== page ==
If you want the Mets to go after a big-name pitcher this season - if, in other words, you want ownership to open up the coffers and spend some dough - then you need your favorite team to establish itself as a bona fide contender.

The kind of club that could make the leap from bubble to bubbly with the addition of such a pitcher.

In order for that to occur, the Mets must start playing better on the road. The quest for legitimacy starts Friday night, with Johan Santana taking on Yovani Gallardo and the lowly Brewers in Milwaukee. After three games at Miller Park, it'll be three against the National League West-leading Padres at PETCO Park.

The Mets entered last night's series finale against the Phillies with an 18-9 record at Citi Field. On the road, they are 6-14.

"Until we do better at that, we're not going to get to where we want to go," Jason Bay said.

Strong starting pitching this homestand drove the Mets back over .500 and saved Jerry Manuel's job, but we all recognize that the rotation remains the team's Achilles' heel. "We're always going to be looking to add to our starting rotation," Omar Minaya said Thursday.

An unusually buyer-friendly market appears to be developing. You know that Roy Oswalt wants out of Houston. Cliff Lee, said by friends to be unhappy in Seattle, figures to be shipped out by the dramatically underachieving Mariners, the third time Lee will have been traded in a year's time.

Baltimore's Kevin Millwood will make a nice pennant-race pickup for someone, and perhaps Cleveland's Jake Westbrook will pitch better with a transition to the NL. The Astros also have former Phillie Brett Myers on a tidy one-year deal.

Don't count on Oswalt coming to Flushing. The Mets aren't. Like most clubs, they're not convinced that Astros owner Drayton McLane will pull the trigger without finding a team that will both take on Oswalt's money - the righthander makes $15 million this year and $16 million next year, with a $2-million buyout on a $16-million team option in 2012 - and give up top-shelf prospects. Such a team likely doesn't exist.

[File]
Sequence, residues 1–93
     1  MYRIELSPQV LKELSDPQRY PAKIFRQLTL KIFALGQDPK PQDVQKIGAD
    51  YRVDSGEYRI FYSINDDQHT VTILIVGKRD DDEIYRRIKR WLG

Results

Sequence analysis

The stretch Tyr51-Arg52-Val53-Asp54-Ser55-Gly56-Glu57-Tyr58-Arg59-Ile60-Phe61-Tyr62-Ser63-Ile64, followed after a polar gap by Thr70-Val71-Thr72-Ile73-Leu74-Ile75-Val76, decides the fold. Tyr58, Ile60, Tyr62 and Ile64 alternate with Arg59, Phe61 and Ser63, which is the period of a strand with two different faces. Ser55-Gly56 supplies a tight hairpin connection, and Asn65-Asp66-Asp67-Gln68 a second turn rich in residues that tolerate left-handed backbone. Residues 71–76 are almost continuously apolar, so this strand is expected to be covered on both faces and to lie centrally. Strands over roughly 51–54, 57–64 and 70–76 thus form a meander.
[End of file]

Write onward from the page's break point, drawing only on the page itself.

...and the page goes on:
Lee would be the dream acquisition, especially with the Phillies having traded him last winter. The Mariners aren't quite ready to deal him yet. When they are, however, the Mets could be in the mix, with the Angels, Dodgers and Reds other candidates. The same goes for Millwood, Westbrook, Myers and whoever else becomes available . . . if they can play better on the road while maintaining their home superiority. A .500 road mark would get it done, the Mets believe.

They've talked about it in the front office and in the clubhouse. They've wondered whether the team needs to cut back on its pregame batting practice during road trips. They've noted that they hit much better at pitcher-friendly Citi Field (.350 on-base percentage, .421 slugging percentage in 1,012 plate appearances entering last night's rain-delayed contest) than on the road (.287-.351 in 688 plate appearances).

"This is just off the top of my head; I think we might be trying to do too much from a hitter's point of view on the road," Manuel said. "The ballparks that we've played in have been somewhat small. You can't wait to elevate the ball, to hit it out, those types of things.

" . . . When we get back here, we just say, 'Hey, we've just got to put the ball in play, move runners.' "

Alex Cora dismissed that argument as well as the "too much work" notion. "Just we haven't found a way to win a game," the veteran said. "A bunt here, a bunt there, and in the worst-case scenario, we're playing .500 ball."

Eh. The Mets have been outscored 104-80 on the road. That's a lot of bunts.

But they do have to find a way, if they want to find a pitcher. What better place for a reboot than Milwaukee, where the Brewers are 6-15 at home?

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